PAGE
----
What you need to know about Scott Walker


“Hates Americans.”                  

“Domestic terrorist.” 

That’s the PG-version of the rhetoric Wisconsin Governor Scott Walker’s political opponents used to make the case against him.

While Walker is no stranger to fierce political combat, such name-calling coarsens the public policy debate and does a disservice to voters.

Using heavy-handed labels as political rhetoric is a time-honored American tradition. When we discuss politics, people often take shortcuts. Some reflexively frame any labor-related reforms as “anti-worker” while others call those same reforms “pro-taxpayer.” Even less hostile labels—“Left versus Right,” or the media favorite “Blue versus Red”— fail to advance meaningful debate.

Lost in this superficial label shuffle are real insights into the underlying, and meaningful, issues. Indeed, it seems that hyperbole is the refuge of those with weak arguments. At a time when our nation faces challenges of historic proportion, more substance and less rhetoric is surely a good idea.

For example, four months ago, Governor Walker made Wisconsin the twenty-fifth right-to-work state, signing a bill ending forced unionization. President Obama termed this common sense—and increasingly commonplace—policy change “anti-worker” and said at the time that Walker’s efforts were part of a“sustained, coordinated assault on unions.”  (The name calling from the White House hasn’t stopped. Indeed, President Obama traveled to LaCrosse, Wisconsin two weeks to “double down” on his misguided criticisms of Governor Walker.) All this over a law that provides more freedom for workers.

Anyone who believes that Governor Walker views attacking unions as an end in itself know little of the governor or his record.

Before signing right-to-work into law, Walker faced an epic showdown with the public-sector unions over his 2011 proposal to fix the state’s budget mess. At the time, the state faced a $3.6 billion deficit, because generations of politicians made promises to government workers that could not be sustained. Without action, substantial layoffs of public-service employees were all but guaranteed. Instead of chasing ever-higher spending with tax increases, Walker forged a more sensible solution. He thoughtfully redefined organized labor’s relationship with state, municipal, and local governments.

Act 10 had several key elements:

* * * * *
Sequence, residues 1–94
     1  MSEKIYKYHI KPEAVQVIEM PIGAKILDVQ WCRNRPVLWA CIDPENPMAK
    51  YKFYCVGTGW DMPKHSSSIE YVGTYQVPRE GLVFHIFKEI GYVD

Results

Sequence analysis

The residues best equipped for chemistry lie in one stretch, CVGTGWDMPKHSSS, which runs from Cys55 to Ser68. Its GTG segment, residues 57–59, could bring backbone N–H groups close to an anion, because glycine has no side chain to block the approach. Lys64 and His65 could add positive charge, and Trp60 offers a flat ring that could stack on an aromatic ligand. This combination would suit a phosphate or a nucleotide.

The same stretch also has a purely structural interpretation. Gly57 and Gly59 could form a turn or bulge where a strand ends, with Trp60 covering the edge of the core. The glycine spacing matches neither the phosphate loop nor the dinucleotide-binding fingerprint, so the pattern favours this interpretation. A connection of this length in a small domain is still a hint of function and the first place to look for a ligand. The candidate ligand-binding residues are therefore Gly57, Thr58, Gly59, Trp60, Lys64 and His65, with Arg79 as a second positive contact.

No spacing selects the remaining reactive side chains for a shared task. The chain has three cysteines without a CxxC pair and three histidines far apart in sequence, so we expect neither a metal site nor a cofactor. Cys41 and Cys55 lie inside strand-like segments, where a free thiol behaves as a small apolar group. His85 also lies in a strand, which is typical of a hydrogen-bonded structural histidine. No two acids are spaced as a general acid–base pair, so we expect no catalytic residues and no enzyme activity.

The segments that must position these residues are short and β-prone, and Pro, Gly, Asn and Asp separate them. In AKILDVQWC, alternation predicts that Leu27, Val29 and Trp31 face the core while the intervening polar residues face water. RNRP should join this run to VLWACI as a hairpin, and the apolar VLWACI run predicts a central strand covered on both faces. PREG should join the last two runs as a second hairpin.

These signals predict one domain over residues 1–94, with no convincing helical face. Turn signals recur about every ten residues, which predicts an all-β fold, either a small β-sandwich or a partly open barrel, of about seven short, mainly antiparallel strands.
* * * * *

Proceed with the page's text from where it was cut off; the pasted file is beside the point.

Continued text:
?It empowered local governments and school districts to bid out to get the best deal for benefits on the open market – something that was virtually impossible under the state’s collective bargaining structure.

?It required public-sector union members to contribute 5.8 percent of their salaries toward their retirement (they had previously contributed nothing) and cover 12.6 percent of their health insurance premiums—still far less than the average benefit contributions for private-sector employees.

?It ended the practice of the state automatically collecting union dues on behalf of unions, letting workers choose whether they want to pay to belong to a union.

Passage of Act 10 was possible because of Wisconsin’s dire financial predicament. Walker not only made the math work, but made Wisconsin’s educational system and labor arrangements better in the process.

By questioning Walker’s motives as “anti-union,” his political opposition ignores the fact that the reforms worked. Walker advanced his twin goals of job creation and more effective government:

?Wisconsin turn a $3.6 billion budget deficit to a nearly $1 billion surplusWisconsin turned a $3.6 fiscal shortfall to a nearly billion dollar surplus;

?The state’s unemployment rate has dropped from 8.1 percent to 4.6 percent; and

?Wisconsin balanced its budget without raising taxes, and the state’s pension fund is the only one in the nation that is fully-funded.

Walker’s reforms avoided layoffs and created flexibility for local governments to make smarter decisions about the use of tax dollars, unimpeded by a rigid collective bargaining framework that was out of step with reality.

All leaders who enter the public arena—and who challenge the status quo—subject themselves to vitriol.

As we begin another campaign cycle, we have an opportunity to elevate the debate. It is our hope that we can do better as a nation, and as Abraham Lincoln encouraged in his first inaugural address, act in accordance with “the better angels of our nature.”

With our nation saddled with $18.2 trillion in debt and baby boomers retiring, the federal government is on an unsustainable path. The solution isn’t going to be easy, and will—at a minimum—require us to focus on substance, not sound bites. In the case of Scott Walker, there’s real substance to consider.

J. Joe Ricketts and Todd M. Ricketts are the Chairman and CEO, respectively, of Ending Spending, a non-profit, government reform advocacy group.